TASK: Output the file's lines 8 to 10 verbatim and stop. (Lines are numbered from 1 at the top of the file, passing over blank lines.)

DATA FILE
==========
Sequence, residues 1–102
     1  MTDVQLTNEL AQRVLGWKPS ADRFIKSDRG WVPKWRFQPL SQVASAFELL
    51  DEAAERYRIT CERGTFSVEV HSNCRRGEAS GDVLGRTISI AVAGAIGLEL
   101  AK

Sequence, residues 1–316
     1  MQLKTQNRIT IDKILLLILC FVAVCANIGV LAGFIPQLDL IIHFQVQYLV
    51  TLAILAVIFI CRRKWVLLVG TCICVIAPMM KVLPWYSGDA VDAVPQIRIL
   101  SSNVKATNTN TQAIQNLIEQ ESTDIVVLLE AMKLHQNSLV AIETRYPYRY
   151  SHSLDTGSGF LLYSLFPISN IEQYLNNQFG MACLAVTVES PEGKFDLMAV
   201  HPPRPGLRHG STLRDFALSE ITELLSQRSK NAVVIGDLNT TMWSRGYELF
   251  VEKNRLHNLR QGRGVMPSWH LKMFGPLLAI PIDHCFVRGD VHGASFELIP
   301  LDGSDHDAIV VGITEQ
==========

   101  SSNVKATNTN TQAIQNLIEQ ESTDIVVLLE AMKLHQNSLV AIETRYPYRY
   151  SHSLDTGSGF LLYSLFPISN IEQYLNNQFG MACLAVTVES PEGKFDLMAV
   201  HPPRPGLRHG STLRDFALSE ITELLSQRSK NAVVIGDLNT TMWSRGYELF